Friday, July 17, 2015

Summer Welcome at MIZZOU

It’s difficult not to be a little nostalgic as I take the plane ride back to New York after a trip with my eldest daughter to Columbia, Missouri after "Summer Welcome." Two months or so from now, she’ll be a freshman my alma mater, the University of Missouri. It’s particularly meaningful for a guy like me who has been her only and full-time parent since she was seven years old.

The trip with my daughter was really nice. She is, obviously, the offspring of her mother and me, which means she’s been blessed with obstinacy from both contributors of her genetic material. Considering she has been and still is a teenager and I have been her primary sparring partner, it should come as no surprise that much of the past few years have been marked with disagreements, misunderstandings, and all variety of argument, quarrel, dispute, row, spat, squabble, barney, and even the occasional donnybrook. Frankly, it was supposed to have been her mother who caught the brunt and I was supposed to have been the knight in shining armor, but things don’t always work out the way we want them to. Alas.  The young woman who I accompanied to Missouri was patient, pleasant, mature, and hopeful. I didn’t add responsible because she’s always been that.

I often joke when something works out well when I’m involved, “Even a blind squirrel finds an acorn.” Seeing my daughter during the weekend, whether I’m blind or a one-eyed man in a kingdom of the blind and in spite of my parenting missteps and mistakes, my daughter has become an incredible young woman.

I like Missouri. I think at least part of her interest in becoming a Tiger is her interest in connecting with her extended family, particularly on her mother’s side. While I’ve considered moving several times during the past decade, it hasn’t yet worked out, but she’ll experience and live many of the things her mother and I did as young adults growing up in Missouri. She’ll experience Missourians’ genuine friendliness tempered by a discrete provinciality. No, she didn’t graduate from a St. Louis-area high school, but when she answers, “I went to Warwick Valley High School in Warwick, New York,” the interviewer won’t know how to catalog her. She’ll become used to all of the things to which I always have to re-acclimate, which include not only the heat and humidity, but also the suburban sprawl, the smoking in bars, use of mobile phones while driving, (which I hope she won’t do), the price of apples, the difference between a St. Louis Cardinals fan and a Kansas City Royals fan, and more.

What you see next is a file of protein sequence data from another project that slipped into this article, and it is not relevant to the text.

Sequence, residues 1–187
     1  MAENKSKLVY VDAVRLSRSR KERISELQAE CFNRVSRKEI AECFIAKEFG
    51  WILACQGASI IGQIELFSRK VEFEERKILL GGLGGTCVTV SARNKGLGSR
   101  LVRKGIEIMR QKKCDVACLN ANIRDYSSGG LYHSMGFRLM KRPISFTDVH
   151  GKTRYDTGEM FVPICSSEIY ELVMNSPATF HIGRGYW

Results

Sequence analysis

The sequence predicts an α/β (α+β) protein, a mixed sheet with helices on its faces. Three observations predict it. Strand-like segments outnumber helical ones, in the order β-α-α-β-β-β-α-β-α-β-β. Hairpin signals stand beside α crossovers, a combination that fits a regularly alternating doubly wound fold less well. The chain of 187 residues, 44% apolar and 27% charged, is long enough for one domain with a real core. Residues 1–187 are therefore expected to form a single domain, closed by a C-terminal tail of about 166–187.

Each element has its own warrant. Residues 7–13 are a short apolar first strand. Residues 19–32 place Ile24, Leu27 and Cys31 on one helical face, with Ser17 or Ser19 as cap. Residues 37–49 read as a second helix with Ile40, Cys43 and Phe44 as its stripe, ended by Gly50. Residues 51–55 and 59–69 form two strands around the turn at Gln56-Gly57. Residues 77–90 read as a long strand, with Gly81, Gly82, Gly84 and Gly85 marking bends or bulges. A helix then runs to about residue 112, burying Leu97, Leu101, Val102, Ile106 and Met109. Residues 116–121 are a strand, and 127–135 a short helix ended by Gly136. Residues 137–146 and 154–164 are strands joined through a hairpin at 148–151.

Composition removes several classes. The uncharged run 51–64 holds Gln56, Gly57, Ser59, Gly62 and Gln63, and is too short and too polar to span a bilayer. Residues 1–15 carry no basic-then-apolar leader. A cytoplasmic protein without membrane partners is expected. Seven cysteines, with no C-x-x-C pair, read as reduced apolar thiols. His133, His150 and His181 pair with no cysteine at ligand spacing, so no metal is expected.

She’ll connect with her mother’s brother’s family and her grown cousins who live 90 miles east of Columbia just a couple of miles from I-70. She’ll spend time with her mother’s sister’s family and her younger cousins who live in central Illinois. She’ll spend time with my parents, who live about 100 miles east of Columbia, just a stone’s throw from I-70 and who will be happy to spoil her. She’s actually already a little spoiled. She’ll hang out maybe with her mother’s and my good friend who is a cardiologist in Columbia and whose wife is an internist and their 6’ 7” eldest son who will play basketball this fall at Truman State. She’ll make her own friends, friends who will last a lifetime, maybe as a Greek and maybe not, as she studies Biology in preparation for a career in medicine or science. She’ll know, even though she’s far from home, she has a lot of people who love her and who have her back right where she is.

She’ll experience life, both the good and the bad. She’ll have success and failure, triumph and disappointment. She’s already experienced some of both and, in her case, some of the unpleasant realities of life that I wished I could have prevented a seven year old from seeing. If life balances, then she’s due for more good in the future. That’s heartening. As she does move through her life, though, she’s proven to be as resilient as she is intelligent and beautiful, so I she’ll do well.

I also know her mother would be very proud of her.